Any arrangement that inhibits commerce or business is forbidden according to Section 27. But the law of restraint of commerce is not applicable while the employment contract is in effect; however, if it extends over the contract’s duration, it is void and unenforceable.

The Supreme Court had established the law on moonlighting a long time ago, in the year 1966 itself, in the case of Niranjan Shankar Golikari vs. The Century Spinning and Mfg. Co. Ltd., where the court examined a Moonlighting clause and held that it was unlawful for an employee to moonlight while still employed by the company.

Again in 1979, the Indian Supreme Court in Superintendence Company of India (P) Ltd. vs. Krishan Murgai held that service contracts containing a negative covenant forbidding the employee from working elsewhere during the term covered by the agreement are not void under Section 27 of the Contract Act.

Supreme Court’s rationale for enforcing the moonlighting clause

The Supreme Court emphasized that the rationale for the legality of such a contract is evident because the theory of restraint of commerce never applies while an employment contract is in effect; it only does so after the contract is terminated. The courts may issue an injunction to prevent a breach of such a covenant while the employee is employed if doing so would advance commerce rather than impede it. Therefore, a restraint by which a person binds himself during the term of his agreement directly or indirectly not to take service with any other employer or be engaged by a third party has been held not to be void and not against Section 27 of the Contract Act.

The justification given by the Indian Courts for enforcing such a contract is that the restraint is necessary for its fulfilment and for the proper protection of the employer’s interests during the term of the agreement. Any limitations on the competition at that time are typically valid and might even be mandated by the law due to the servant’s fiduciary duty.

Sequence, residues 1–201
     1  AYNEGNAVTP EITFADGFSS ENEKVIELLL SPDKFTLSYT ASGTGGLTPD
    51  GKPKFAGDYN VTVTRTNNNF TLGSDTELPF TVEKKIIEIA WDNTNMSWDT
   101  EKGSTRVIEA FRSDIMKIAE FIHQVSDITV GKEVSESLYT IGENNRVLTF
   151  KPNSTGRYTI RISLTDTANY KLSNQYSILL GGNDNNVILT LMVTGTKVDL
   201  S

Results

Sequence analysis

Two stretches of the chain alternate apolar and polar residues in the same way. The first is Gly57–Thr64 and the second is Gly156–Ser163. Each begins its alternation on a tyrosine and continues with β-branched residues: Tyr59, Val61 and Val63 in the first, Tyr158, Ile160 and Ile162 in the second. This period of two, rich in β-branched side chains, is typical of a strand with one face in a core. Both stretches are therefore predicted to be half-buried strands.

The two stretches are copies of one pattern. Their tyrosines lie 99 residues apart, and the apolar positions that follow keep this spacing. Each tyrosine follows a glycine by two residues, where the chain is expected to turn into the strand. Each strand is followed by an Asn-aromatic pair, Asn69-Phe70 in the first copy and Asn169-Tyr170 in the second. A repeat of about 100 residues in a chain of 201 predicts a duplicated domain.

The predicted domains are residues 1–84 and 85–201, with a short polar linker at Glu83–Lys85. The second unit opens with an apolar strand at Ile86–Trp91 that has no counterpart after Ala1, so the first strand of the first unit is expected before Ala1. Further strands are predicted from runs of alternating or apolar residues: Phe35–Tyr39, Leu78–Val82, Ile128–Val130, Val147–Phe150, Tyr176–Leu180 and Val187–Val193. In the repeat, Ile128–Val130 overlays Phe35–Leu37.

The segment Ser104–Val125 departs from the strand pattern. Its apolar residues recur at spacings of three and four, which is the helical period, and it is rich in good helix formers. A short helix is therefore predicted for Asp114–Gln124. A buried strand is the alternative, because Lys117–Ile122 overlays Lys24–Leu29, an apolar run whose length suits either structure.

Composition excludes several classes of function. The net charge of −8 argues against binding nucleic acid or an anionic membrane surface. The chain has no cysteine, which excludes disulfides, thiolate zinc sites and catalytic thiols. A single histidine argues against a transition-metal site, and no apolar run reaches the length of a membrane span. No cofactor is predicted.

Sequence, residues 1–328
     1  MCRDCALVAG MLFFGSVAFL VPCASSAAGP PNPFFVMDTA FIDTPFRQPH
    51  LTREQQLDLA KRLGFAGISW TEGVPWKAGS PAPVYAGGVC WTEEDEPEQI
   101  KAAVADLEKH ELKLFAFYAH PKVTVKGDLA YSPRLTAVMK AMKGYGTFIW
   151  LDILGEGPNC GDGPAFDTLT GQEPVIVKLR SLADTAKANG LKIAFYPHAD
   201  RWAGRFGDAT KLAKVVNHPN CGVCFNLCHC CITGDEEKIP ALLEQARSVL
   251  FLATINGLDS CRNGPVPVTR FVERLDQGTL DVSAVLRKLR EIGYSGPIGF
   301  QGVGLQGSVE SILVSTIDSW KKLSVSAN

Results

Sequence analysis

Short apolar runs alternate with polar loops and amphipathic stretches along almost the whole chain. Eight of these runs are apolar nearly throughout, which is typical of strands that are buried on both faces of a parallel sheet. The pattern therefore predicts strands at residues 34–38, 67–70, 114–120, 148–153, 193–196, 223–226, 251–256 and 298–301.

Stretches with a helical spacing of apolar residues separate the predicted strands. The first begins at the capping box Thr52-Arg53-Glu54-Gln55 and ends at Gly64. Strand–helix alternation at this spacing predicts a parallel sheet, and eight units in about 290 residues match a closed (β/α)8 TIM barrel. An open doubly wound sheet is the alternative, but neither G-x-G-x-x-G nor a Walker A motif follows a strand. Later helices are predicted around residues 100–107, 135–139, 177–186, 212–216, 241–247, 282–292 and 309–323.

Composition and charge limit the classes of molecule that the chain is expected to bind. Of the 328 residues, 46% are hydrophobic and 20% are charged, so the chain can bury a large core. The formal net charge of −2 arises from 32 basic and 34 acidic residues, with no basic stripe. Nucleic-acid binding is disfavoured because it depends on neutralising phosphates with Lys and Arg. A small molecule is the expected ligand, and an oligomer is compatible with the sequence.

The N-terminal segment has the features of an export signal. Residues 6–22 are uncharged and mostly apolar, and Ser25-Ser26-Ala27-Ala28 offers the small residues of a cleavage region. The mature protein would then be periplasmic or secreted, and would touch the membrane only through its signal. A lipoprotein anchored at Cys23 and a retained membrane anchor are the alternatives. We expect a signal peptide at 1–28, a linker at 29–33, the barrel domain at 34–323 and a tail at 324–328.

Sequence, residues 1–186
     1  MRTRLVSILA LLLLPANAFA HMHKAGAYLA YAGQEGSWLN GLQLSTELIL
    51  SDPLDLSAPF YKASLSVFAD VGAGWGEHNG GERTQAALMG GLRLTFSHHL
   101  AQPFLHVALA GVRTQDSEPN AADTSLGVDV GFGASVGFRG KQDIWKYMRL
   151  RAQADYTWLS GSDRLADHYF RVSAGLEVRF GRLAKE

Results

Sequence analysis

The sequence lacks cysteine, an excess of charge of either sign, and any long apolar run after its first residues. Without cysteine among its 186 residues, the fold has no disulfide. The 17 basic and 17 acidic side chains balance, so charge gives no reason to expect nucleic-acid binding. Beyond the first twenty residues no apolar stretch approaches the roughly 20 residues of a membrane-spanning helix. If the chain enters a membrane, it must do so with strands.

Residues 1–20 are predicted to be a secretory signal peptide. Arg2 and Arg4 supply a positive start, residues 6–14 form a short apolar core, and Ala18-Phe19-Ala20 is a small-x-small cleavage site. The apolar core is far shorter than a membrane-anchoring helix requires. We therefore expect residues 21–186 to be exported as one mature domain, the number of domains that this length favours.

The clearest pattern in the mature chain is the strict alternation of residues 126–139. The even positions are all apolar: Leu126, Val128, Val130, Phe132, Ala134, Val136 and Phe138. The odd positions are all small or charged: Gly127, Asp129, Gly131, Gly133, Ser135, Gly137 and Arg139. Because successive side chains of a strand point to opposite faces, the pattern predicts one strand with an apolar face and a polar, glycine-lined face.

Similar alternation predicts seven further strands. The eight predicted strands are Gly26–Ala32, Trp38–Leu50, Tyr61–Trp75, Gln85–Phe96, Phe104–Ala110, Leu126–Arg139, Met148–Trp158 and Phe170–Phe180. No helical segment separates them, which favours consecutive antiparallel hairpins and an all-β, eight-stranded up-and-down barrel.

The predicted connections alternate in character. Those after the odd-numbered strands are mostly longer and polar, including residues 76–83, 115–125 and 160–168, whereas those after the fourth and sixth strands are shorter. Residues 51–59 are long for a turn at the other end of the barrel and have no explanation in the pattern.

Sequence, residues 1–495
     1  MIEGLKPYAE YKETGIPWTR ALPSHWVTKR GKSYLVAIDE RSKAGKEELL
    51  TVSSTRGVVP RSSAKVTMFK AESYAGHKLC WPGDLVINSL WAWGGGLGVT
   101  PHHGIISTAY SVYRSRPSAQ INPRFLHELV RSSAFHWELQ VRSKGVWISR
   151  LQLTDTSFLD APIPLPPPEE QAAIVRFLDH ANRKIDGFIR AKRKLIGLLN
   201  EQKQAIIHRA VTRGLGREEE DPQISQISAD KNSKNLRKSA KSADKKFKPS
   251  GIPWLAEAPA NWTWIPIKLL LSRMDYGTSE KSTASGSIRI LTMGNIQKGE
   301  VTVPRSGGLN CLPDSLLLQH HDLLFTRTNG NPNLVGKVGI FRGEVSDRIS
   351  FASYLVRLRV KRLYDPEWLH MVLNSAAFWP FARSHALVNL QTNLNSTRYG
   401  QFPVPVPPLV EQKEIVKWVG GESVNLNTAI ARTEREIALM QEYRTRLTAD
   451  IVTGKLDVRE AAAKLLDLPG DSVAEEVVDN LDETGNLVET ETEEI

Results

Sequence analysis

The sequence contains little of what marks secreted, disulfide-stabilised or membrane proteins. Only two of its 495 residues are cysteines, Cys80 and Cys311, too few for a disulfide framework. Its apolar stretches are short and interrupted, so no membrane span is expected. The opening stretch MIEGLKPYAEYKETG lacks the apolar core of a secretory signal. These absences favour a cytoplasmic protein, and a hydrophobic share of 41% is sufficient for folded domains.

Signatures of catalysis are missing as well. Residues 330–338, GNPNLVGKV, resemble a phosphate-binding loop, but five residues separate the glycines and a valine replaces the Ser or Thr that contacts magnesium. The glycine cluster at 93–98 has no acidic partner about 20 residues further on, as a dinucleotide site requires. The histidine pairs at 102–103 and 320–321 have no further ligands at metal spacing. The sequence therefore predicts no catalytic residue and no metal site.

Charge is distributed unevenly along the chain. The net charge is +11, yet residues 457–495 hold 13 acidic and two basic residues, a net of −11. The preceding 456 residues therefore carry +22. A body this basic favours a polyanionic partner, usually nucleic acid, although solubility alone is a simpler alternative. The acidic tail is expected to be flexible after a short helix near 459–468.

Another reason why such limitations are acceptable is that they both safeguard the employer’s interests and do not place an unreasonable burden on the employee, who is paid for the relevant period.

Reasonableness of the restriction on moonlighting outside the purview of S.27

While in England, restrictions on trade, whether general or partial, may be acceptable provided they are reasonable or necessary for the preservation of the employers’ interests or for matters of public policy.

Manish Jha
Partner, JSA Advocates & Solicitors

However, once the Indian Contract Act was passed by the Indian Parliament and the principles were codified, the law prevailing in England could no longer be applied in India. Instead, the language of the statute must be examined to determine its true intent and application. The Supreme Court has ruled that the issue of whether a restriction is fair falls outside the purview of Section 27.


The courts in India have consistently held that the restraint is necessary for the proper protection of the employer’s interests during the agreement’s duration. While an employee is free to develop his own business or look for employment with someone else, especially after his relationship with his employer ends, the employee might be forced to forego taking on any additional jobs while they are still in effect. As Section 27 of the Indian Contract Act is not applicable in this circumstance, a restraining order may be issued against an employee.

Given the precise legal position of the Moonlighting provision’s enforceability in India, an employee must exercise caution before taking a second job; otherwise, the employer would have a sufficient legal basis to terminate the employment relationship for violating the Moonlighting agreement.

Disclaimer: The views expressed in this article are those of the author and do not necessarily reflect the views of ET Edge Insights, its management, or its members